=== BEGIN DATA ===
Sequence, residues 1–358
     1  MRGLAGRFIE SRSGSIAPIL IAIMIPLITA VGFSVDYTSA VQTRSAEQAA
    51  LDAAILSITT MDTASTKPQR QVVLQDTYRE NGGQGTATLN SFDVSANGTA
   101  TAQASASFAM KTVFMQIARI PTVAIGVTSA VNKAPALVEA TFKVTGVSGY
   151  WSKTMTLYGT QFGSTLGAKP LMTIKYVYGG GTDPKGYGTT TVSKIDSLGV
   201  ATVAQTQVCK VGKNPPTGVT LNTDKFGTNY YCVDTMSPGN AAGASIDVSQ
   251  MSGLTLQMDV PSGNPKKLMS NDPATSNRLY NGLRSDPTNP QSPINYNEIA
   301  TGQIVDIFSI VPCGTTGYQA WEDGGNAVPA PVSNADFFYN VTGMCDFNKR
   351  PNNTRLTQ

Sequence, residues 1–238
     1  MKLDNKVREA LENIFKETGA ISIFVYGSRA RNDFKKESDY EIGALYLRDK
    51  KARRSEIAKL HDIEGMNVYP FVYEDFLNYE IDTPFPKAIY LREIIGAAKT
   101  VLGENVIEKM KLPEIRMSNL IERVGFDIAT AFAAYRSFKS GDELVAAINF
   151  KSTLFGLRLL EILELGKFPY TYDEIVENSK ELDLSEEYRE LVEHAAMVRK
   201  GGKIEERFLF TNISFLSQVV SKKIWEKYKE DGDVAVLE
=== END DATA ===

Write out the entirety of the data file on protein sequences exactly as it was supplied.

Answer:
Sequence, residues 1–358
     1  MRGLAGRFIE SRSGSIAPIL IAIMIPLITA VGFSVDYTSA VQTRSAEQAA
    51  LDAAILSITT MDTASTKPQR QVVLQDTYRE NGGQGTATLN SFDVSANGTA
   101  TAQASASFAM KTVFMQIARI PTVAIGVTSA VNKAPALVEA TFKVTGVSGY
   151  WSKTMTLYGT QFGSTLGAKP LMTIKYVYGG GTDPKGYGTT TVSKIDSLGV
   201  ATVAQTQVCK VGKNPPTGVT LNTDKFGTNY YCVDTMSPGN AAGASIDVSQ
   251  MSGLTLQMDV PSGNPKKLMS NDPATSNRLY NGLRSDPTNP QSPINYNEIA
   301  TGQIVDIFSI VPCGTTGYQA WEDGGNAVPA PVSNADFFYN VTGMCDFNKR
   351  PNNTRLTQ

Sequence, residues 1–238
     1  MKLDNKVREA LENIFKETGA ISIFVYGSRA RNDFKKESDY EIGALYLRDK
    51  KARRSEIAKL HDIEGMNVYP FVYEDFLNYE IDTPFPKAIY LREIIGAAKT
   101  VLGENVIEKM KLPEIRMSNL IERVGFDIAT AFAAYRSFKS GDELVAAINF
   151  KSTLFGLRLL EILELGKFPY TYDEIVENSK ELDLSEEYRE LVEHAAMVRK
   201  GGKIEERFLF TNISFLSQVV SKKIWEKYKE DGDVAVLE